Ajatananda Ashram

What Does an Ashram Stand for?
A Monastic Ashram (matha)
An Interreligious Ashram
At the Banks of Holy Ganges
Ajatananda Ashram was started in December 2003 in Tapovan (Rishikesh) in the Indian Himalayas to fulfil the dream and vision of Swami Abhishiktananda (1910-1973) as an interreligious monastic community on the banks of holy Ganges .

It is a place which values silence, solitude and simplicity, and which practices a universal form of prayer and meditation in community. Due to its universal nature, the Ashram is not formally affiliated to any religious organization/institution. Since 2004, its management has been carried out by an independent non-profit organisation, the Ajatananda Interreligious Trust (Regd).

The Ashram is named after Swami Ajatananda Saraswati (Marc Chaduc), a realized sage and the principal disciple of Swami Abhishiktananda. On 30 June 1973, Swami Ajatananda took sannyasa diksha from H.H. Sri Swami Chidananda Saraswati — who considered him as an enlightened soul. He disappeared mysteriously from his kutiya (hermitage) by the Ganges at Kaudiyala in 1977 and has not been seen since.

What Does an Ashram Stand for?

The word ‘ashram’ is derived from a Sanskrit root which means ‘full effort or dedication’. It is a place where spiritual seekers do collective intense sadhana to realize the Supreme Reality. Hence, meditation, one-pointedness of mind, self-inquiry, and inner stillness are the essence of ashram dharma.

An ashram is distinct from a guesthouse, a holiday resort, or a family residence. The purpose of an ashram is neither commercial activity, nor leisure nor domesticity. Indeed, the fundamental objective of ashramites is to be committed to spiritual practice, and naturally so in a sannyasa ashram.

An ashram is also a community and thus a place where every effort needs to be made to cultivate the spirit of mutual love, respect and service. The behaviour of the ashramites should always be an example for the right conduct of human life in the world.

Ashramites (ashramvasis) lead a disciplined life of selfless service, and devote their maximum time in sadhana and svadhyaya (spiritual study).

The activities and atmosphere of the ashram need to be such that they are always conducive to meditation and spiritual upliftment.

A Monastic Ashram (matha)

“The monk is a man who lives in the solitude of God, alone in the very aloneness of the Alone. He does not become a monk in order to do social work or intellectual work or missionary work or to save the world. The monk simply consecrates himself to God.”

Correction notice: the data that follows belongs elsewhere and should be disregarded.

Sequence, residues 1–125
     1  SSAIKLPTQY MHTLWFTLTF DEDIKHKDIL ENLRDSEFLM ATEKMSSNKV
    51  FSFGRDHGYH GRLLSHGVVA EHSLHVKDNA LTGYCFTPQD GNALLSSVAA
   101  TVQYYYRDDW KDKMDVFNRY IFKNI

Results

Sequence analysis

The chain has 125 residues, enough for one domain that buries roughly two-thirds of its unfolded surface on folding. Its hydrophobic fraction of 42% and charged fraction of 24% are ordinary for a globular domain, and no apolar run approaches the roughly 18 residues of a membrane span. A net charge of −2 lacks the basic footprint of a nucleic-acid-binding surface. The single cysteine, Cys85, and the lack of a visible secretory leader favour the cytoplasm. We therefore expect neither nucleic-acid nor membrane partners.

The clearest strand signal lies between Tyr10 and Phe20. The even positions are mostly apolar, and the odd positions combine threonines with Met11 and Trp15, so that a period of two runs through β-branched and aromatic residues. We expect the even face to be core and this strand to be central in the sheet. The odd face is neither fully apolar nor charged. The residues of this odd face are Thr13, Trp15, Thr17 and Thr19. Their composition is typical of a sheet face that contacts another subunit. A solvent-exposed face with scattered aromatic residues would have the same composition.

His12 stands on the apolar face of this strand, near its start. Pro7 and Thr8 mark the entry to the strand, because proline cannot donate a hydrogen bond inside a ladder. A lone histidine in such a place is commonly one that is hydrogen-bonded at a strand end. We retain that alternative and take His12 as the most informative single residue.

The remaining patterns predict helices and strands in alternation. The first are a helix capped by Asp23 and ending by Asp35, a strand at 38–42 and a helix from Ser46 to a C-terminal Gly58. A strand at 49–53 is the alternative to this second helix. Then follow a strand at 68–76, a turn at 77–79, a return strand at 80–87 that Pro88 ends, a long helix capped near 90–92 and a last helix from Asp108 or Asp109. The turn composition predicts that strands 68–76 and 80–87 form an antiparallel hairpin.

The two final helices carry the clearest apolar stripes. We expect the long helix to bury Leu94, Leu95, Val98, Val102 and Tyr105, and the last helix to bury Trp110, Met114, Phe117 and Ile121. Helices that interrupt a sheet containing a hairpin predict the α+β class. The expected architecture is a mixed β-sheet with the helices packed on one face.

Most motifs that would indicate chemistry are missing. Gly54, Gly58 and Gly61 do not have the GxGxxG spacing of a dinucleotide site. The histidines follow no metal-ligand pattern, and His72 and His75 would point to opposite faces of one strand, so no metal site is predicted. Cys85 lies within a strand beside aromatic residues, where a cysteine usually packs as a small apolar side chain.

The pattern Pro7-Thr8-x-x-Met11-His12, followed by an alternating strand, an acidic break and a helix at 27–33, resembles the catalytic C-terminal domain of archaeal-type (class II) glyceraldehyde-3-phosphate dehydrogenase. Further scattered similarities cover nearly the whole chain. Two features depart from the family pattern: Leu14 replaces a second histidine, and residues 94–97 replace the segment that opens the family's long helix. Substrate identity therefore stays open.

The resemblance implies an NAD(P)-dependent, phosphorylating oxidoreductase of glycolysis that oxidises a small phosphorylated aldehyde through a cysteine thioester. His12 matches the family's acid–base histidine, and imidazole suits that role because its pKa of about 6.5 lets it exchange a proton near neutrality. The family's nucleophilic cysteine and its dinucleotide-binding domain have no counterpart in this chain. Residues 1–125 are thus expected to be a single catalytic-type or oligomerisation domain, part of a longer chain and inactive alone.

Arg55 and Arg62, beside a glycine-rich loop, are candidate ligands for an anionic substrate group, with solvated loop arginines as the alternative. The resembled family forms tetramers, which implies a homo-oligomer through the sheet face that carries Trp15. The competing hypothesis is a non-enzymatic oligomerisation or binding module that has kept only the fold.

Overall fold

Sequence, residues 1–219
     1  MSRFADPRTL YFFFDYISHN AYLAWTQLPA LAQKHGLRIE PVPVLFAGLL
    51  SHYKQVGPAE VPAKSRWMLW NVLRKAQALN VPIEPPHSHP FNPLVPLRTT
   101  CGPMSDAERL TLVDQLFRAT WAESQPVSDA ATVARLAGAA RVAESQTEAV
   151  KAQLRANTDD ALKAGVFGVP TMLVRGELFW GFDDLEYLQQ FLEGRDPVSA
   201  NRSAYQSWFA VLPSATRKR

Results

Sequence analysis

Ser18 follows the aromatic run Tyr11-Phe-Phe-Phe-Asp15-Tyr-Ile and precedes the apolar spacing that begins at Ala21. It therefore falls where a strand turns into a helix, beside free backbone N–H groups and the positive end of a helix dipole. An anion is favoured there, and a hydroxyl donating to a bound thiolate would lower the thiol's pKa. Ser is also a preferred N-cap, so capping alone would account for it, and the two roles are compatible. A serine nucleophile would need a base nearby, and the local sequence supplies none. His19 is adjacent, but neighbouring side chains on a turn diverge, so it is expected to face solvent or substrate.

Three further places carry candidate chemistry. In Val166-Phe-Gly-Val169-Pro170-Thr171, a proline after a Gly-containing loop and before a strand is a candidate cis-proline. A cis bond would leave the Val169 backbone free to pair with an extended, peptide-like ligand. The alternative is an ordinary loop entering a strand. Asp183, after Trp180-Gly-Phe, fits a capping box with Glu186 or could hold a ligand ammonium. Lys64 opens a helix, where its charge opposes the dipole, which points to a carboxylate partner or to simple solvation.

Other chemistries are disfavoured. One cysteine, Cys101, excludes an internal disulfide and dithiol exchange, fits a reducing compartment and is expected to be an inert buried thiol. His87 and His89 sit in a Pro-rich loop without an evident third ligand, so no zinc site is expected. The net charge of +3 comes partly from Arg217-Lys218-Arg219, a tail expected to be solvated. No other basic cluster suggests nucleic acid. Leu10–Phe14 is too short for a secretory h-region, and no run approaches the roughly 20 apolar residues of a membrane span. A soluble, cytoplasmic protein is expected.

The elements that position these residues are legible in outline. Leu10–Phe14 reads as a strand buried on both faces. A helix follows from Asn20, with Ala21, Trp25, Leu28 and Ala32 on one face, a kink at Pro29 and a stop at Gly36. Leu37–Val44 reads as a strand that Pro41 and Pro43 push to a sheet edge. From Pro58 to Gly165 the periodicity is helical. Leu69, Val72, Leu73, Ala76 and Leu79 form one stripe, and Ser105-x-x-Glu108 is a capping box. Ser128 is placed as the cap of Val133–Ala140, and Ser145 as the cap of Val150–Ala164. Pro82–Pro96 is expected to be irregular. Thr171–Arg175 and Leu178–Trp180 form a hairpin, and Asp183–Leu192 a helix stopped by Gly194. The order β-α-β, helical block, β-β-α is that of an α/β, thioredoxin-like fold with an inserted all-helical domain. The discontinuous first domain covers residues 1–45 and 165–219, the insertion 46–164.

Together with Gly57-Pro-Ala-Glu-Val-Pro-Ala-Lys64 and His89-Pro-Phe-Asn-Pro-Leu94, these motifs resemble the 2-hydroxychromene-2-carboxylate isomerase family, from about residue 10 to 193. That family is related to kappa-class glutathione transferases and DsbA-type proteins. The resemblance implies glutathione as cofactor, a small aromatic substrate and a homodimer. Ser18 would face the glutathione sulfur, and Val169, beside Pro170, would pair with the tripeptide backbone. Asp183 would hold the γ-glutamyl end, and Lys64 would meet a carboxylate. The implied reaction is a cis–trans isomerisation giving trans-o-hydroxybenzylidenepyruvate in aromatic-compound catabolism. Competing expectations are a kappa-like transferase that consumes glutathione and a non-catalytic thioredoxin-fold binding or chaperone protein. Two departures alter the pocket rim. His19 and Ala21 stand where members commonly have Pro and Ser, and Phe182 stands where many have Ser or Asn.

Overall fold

Swami Abhishiktananda, 1958

Ajatananda Ashram has been created in the style of a matha, in the Indian tradition. ‘Matha’ is the equivalent of ‘monastery’, not necessarily a place where disciples gather round a guru, but a place which has been founded so that monks can devote themselves there in peace and meditation.

The members of Ajatananda Ashram are monastics and monastic-like spiritual seekers who pursue a life of complete worldly renunciation for the sole purpose of realizing God/Truth or the Absolute. Therefore, they follow the traditional monastic rules and engage in meditative practice, spiritual study and dedication to selfless service in the name of God. Their way is primarily to seek and realize God/Truth or the Absolute through the path of jnana [knowledge] and silent contemplation. The focus of the monastic path is on the inner, contemplative life of ‘being’, rather than ‘doing’ or engaging in activities. It is the true path of non-doing (nivritti-marga).


An Interreligious Ashram

“The call to complete renunciation cuts across all dharmas and disregards all frontiers (…). It is anterior to every religious formulation. In the end, it is in that call arising from the depths of the human heart that all the great dharmas really meet each other and discover their innermost truth in that attraction beyond themselves which they all share...”
Swami Abhishiktananda, 1975 [1]

“The different religions are like different paths leading to the Divine. Spirituality is common in all of them… All the religions, if followed with sincerity and purity of intention and deep aspiration, discover the Truth, lead to the Divine, the timeless infinite Consciousness unbound by time and space and the Law of Causation.”
Chandra Swami Udasin [2]

“It is befitting that this ashram is on the banks of the holy River Ganga and in the foothills of the Himalayas, for it is here that the seers envisioned the universal nature of Spirituality… The Truth that is sought after is known by the enlightened as non-dual Consciousness. It is variously named Brahman, Supreme Spirit, Lord, etc. The Truth is expressed by different people according to tastes. Though the expressions differ, the Truth remains one and changeless…”Swami Padmanabhananda Saraswati [3]